Training with power allows you to monitor your performance in absolute terms. Monitoring your speed isn’t always reliable, because weather conditions will have an effect. Heart rate is a popular measurement tool, as well – but temperature, training load and other factors are also involved so it’s hard to measure absolute improvement.

Though many (most) professionals train with power, it’s taking a little longer for training with watts to become common place. In the past, it has been very expensive – but new evolutions in technology are lowering the cost. The new toy on the market, the Stages Cranks, retail from £599.00 and we’ve got them in-stock now.

The Stages powermeter on a Shimano 105 crank, just £599

The Stages crank is different to many other power meters as it measures power from only one crank, and does a mathematical equation to work out the actual wattage produced.

Head buyer at Evans Cycles and category 2 road racer, Joel, has been testing out a unit.

Joel uses his powermeter for racing and training

I’ve been using power for over five years and have been surprised by how long it is taking to become the norm. The barriers to entry have always been quite high, either a heavy and expensive wheel if you wanted some bike flexibility or a very expensive crank if you were just going to have one bike set up.

Once you have a powermeter realising its potential takes some time thereby probably doubling the barrier – not just the cost but the amount of research required to understand what the numbers mean. However, seeing how SRM has taken over the peloton (Editors note: for a giggle, check out: it’s clear that power is here to stay and will be making its way onto more people’s bikes in time.

Chris Froome Looking At Stems shows the prevalence of powermeters in the peloton

Stages really shook up the game in the US, coming in with a much lower priced product with a low weight that was relatively flexible. The competition and the powermeter snobs cried that only measuring on one side would lead to fallible results. This shows a complete misunderstanding of what you need your powermeter to do though.

Fundamentally it’s about a consistent number to benchmark your improvement. That number could be measure in golden dabloons, as long as it reads 5 today, 10 tomorrow and 20 in April you know you’re improving. How my FTP (Editor’s note: Functional Threshold Power – a measure of the average watts you can hold for an hour) matches with yours is really pretty irrelevant – so it doesn’t matter that much if one powermeter gives a slightly different number to another – as long as it is consistent.

However, if you are a power user already like myself there’s an element of calibration that needs to take place shifting from one unit to the next – so you do want to know if there is a difference in readings, and what the difference is.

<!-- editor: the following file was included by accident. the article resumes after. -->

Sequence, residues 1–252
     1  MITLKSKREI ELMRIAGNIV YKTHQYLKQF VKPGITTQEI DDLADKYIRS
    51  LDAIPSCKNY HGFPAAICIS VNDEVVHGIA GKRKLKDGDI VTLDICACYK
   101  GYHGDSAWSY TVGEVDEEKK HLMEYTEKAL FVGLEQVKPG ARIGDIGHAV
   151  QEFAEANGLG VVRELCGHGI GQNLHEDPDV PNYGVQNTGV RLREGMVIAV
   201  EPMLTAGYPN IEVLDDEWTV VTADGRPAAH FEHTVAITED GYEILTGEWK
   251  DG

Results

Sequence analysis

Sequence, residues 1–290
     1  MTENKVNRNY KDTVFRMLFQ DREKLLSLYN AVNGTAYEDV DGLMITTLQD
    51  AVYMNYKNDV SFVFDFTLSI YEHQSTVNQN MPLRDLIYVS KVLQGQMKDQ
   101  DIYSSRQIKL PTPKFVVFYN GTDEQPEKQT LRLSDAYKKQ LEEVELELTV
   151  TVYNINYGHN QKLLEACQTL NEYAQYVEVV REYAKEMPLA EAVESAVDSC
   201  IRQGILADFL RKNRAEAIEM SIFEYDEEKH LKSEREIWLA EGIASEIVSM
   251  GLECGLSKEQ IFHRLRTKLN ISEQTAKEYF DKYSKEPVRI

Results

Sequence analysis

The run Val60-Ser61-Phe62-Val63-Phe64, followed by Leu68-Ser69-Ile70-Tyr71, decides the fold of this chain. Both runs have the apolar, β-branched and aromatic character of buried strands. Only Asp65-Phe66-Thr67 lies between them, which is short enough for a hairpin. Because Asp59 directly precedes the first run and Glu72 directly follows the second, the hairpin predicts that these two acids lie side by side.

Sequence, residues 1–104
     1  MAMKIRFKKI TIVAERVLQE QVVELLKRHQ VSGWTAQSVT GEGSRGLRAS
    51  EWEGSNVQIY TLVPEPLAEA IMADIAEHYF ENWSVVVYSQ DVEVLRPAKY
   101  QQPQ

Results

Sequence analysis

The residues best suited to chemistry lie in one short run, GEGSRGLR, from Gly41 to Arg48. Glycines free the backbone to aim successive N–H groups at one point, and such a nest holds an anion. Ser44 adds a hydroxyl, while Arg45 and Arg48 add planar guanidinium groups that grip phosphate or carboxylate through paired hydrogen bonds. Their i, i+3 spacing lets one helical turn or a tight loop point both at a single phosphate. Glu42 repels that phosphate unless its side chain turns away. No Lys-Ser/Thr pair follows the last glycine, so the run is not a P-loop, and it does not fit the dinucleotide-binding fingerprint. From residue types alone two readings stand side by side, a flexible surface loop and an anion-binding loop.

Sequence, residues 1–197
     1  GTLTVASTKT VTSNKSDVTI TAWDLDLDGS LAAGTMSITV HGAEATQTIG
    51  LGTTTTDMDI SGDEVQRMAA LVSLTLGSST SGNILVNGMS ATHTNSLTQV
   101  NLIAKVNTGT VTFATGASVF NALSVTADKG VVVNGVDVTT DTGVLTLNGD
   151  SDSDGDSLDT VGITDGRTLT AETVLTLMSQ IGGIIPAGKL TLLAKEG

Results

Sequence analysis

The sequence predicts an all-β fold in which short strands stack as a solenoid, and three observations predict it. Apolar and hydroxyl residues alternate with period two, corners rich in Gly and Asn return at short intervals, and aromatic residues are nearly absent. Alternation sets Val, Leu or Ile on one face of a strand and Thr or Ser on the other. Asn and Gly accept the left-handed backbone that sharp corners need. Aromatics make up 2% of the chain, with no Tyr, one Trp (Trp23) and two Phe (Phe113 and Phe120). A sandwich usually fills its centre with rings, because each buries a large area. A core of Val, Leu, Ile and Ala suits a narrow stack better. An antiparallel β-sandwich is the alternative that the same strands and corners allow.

Opening the box to your new Stages is a no-frills affair. There’s a crank, a month’s membership of Strava and training peaks and that’s about it. Fitting it to your bike is merely replacing the left arm crank and calibrating takes a matter of seconds.

My first job was to try and learn how well my Powertap G3 and the stages were going to match up. A couple of rides with both devices on (and two Garmins) showed that although there appeared to be a slight difference with the relay of information the 30 second power average was identical and my heart rate was matching very well to the power on the device.

Up until now Joel has had a PowerTap G3 Hub

This was really great news because I was worried about my FTP artificially going up. Yeah, I know all that ‘golden dabloons’ stuff I mentioned but I don’t want my watts/kg to jump to the levels people might start suggesting I’m using performance enhancing aids!

Stages have the full support of the crank manufacturers – they are buying cranks from the brands directly and it’s incredibly rare to see somebody co-brand a Shimano component. Currently there’s no way to measure through a carbon crank but most aluminium cranks are available.

Having used the Stages powermeter for a month now it’s been reliable, it’s allowed me to drop 250gm of the weight of my bike and I think the biggest decision a potential purchaser would have is about the cranks themselves.

Although the cost of the unit is not that high, if you have to make a decision between upgrading your cranks at the same time or buying a unit for your current crank that’s when it may seem more expensive.

Stages look like it’s here to stay to me, with good mountain bike and track options as well as the road. Regardless what you go for, fundamentally, one universal truth remains: power is the future – it’s quicker to react than your heart rate and less likely to fool you. Coming into the winter it’s a great time to make the switch whichever option you go for, so you best get saving!

The Stages powermeter is one of a few options. We’ve got a selection you can browse, here. For a hub based system, check out our CycleOps Powertap selection, or you could try the new Garmin Vector Pedals, which are easily transferrable between bikes.  For another crank based option, we also sell Quarq SRAM powermeters.